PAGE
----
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Misaki mia Nimi, African Price From Kongo Who Protested Against Colonization By The Portuguese, And Was Killed By His Own People For It

Misaki mia Nimi, African Price From Kongo Who Protested Against Colonization By The Portuguese, And Was Killed By His Own People For It

The story of Don Nicolau I Misaki mia Nimi, prince of the ancient Kingdom of Kongo, which is now modern-day Angola, is an intriguing one that has been lost in time.

Perhaps the absence of his story is due to his tragic end at the hands of his own people, but whatever the case, Don Nicolau’s story deserves to be told and remembered for his pioneering actions in protesting Westernization and its influence on the Kingdom of Kongo and Africa in general.

In the early 1880s, Prince Don Nicolau I Misakai mia Nimi was born to King Henry II, King of the Kingdom of Kongo. At the time of his birth, the Portuguese had well-established relations with East Africa and had gained control of a large portion of Angola, including Luanda, through several invasions and wars, as well as the advantage of a strong military.

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Luanda, now Angola’s capital, was the trading unit at the time. This made kingdoms like Kongo very dependent on the Portuguese for even food, wine, and education, and it weakened the Kings’ power. The Kingdom of Kongo, on the other hand, remained independent and had not been annexed by the Portuguese. It had taken control of a portion of Angola.

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There are no records of Prince Don Nicolau’s actual birth year, but in 1845, when he was still a teenager nearing the age of 20, he made his first trip to Lisbon, Portugal. On October 31, 1845, Prince Nicolau arrived in Lisbon and was hosted at a reception by Queen Maria II, Queen of Portugal. The evidence of his visit can be found in an engraving of the prince in his royal robes by a Lisbon artist, who depicts the prince as young, tall, and dark.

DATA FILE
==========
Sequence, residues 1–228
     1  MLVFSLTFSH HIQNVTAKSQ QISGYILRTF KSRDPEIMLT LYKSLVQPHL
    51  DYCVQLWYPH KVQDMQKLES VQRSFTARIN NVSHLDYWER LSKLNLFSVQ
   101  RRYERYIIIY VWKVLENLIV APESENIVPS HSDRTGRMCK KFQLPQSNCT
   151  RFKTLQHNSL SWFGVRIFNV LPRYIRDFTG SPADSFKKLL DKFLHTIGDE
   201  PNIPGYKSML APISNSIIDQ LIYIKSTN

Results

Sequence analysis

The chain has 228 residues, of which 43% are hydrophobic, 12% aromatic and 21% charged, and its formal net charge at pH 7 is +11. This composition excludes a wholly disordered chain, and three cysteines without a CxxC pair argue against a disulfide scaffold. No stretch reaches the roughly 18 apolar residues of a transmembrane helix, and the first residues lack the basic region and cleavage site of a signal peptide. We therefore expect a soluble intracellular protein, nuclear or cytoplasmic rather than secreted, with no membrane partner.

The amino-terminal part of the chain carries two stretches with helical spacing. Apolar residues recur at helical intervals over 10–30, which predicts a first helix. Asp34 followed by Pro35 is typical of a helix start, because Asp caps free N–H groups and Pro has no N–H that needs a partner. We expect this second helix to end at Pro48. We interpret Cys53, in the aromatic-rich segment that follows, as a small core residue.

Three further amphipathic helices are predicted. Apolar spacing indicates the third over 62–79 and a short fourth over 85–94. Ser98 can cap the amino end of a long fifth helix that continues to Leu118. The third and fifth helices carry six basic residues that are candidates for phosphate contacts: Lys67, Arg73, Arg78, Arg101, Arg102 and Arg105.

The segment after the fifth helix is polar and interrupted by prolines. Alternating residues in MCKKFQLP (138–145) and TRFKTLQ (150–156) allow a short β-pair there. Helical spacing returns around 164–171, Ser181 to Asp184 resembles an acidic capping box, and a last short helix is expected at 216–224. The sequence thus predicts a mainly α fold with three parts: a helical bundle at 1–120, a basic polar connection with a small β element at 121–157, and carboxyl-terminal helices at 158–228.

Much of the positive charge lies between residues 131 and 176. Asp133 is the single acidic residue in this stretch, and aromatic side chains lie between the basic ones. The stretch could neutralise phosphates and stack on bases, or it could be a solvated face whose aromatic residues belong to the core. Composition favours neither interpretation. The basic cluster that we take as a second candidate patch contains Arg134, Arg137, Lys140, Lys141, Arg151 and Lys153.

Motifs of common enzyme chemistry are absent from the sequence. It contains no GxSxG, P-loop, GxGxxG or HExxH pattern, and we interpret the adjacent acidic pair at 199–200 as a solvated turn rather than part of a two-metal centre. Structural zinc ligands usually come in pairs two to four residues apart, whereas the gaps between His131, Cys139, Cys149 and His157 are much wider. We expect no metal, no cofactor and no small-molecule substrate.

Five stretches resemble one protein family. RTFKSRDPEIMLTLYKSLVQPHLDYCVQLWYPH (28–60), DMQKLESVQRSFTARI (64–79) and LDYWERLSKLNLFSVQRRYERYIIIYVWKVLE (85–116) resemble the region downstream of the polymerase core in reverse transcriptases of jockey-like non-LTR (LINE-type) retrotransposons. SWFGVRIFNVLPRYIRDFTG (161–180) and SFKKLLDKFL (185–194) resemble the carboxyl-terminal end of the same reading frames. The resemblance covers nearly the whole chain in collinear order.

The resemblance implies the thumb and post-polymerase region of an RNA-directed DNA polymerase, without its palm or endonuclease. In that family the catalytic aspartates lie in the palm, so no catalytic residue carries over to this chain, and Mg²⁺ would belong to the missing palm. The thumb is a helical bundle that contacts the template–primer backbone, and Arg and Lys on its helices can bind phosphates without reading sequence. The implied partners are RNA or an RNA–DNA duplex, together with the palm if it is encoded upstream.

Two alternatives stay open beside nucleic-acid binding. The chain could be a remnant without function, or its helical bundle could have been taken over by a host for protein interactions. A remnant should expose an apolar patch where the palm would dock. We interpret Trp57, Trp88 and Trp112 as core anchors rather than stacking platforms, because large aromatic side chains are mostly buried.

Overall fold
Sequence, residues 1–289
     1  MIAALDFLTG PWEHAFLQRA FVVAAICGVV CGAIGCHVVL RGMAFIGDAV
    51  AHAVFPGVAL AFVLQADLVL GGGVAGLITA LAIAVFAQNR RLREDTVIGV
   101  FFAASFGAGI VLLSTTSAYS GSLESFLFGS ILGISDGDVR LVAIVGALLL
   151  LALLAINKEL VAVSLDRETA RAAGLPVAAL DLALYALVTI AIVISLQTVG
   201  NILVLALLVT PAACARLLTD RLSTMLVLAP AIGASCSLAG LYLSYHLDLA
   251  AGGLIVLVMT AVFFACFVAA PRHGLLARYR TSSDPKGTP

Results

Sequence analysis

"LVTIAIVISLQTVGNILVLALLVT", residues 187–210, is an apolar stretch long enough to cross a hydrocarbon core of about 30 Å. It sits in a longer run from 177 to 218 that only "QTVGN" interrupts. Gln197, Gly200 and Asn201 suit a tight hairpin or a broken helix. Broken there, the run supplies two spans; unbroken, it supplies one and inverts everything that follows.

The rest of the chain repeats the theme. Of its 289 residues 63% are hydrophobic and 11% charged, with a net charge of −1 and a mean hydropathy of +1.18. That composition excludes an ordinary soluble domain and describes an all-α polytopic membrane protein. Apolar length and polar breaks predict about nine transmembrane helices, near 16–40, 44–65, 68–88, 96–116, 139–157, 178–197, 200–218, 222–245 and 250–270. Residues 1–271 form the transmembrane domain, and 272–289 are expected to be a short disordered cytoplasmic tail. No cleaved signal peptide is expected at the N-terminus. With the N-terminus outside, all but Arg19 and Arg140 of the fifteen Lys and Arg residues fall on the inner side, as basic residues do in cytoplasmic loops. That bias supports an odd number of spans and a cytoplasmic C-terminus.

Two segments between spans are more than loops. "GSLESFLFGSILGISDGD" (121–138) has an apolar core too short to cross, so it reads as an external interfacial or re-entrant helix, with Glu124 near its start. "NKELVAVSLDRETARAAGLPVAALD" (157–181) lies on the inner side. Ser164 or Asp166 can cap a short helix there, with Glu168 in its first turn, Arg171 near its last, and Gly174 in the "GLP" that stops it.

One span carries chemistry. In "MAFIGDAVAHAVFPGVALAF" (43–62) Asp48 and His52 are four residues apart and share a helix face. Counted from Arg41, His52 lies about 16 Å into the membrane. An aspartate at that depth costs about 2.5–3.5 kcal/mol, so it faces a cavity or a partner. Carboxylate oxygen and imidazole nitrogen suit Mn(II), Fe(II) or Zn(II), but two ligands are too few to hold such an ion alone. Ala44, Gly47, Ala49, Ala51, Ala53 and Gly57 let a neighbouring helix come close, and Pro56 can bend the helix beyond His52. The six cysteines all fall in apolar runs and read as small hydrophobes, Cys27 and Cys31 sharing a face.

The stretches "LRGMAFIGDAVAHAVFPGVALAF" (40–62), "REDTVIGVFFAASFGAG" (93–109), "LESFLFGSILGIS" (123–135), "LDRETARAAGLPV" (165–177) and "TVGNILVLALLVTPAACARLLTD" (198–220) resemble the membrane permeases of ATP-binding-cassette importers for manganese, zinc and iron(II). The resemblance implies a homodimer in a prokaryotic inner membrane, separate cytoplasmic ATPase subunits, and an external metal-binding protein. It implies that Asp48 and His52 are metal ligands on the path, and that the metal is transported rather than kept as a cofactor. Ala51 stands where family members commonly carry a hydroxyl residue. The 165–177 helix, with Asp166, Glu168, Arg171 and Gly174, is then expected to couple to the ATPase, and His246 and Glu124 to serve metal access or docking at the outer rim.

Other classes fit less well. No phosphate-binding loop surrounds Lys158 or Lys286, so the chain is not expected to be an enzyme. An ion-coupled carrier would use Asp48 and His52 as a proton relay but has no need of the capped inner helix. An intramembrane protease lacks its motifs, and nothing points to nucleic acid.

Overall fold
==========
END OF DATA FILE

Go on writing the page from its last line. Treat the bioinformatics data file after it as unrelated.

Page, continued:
Prince Nicolau was sent back to Portugal for an education shortly after his return to the Kingdom of Kongo in 1848. The Kingdom of Kongo and Portugal agreed that the heir to the throne and the king’s children would receive western education in Portugal.

Prince Nicolau adapted to the western way of life while pursuing his education. His education also enlightened him and made him aware of a variety of issues concerning the long-standing and close relationship between his people and the Portuguese. Despite his realization, Prince Nicolau was powerless to intervene because he was not heir to the throne due to Kongo Monarchy laws that made his cousins heirs.

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Prince returned to the Kingdom but was unable to adjust to the way of life and sought employment in Luanda, where he settled in 1850. His distance from the affairs of the Kingdom and the people infuriated and hurt the people, who felt he looked down on them despite having the advantage of education.

When Prince Nicolau’s father, King Henry II, died in 1857, there was an internal conflict over who should succeed to the throne. This prompted a Portuguese intervention and the coronation of the new king by a chief priest. Following the announcement of the new king, he swore allegiance and loyalty to the King of Portugal.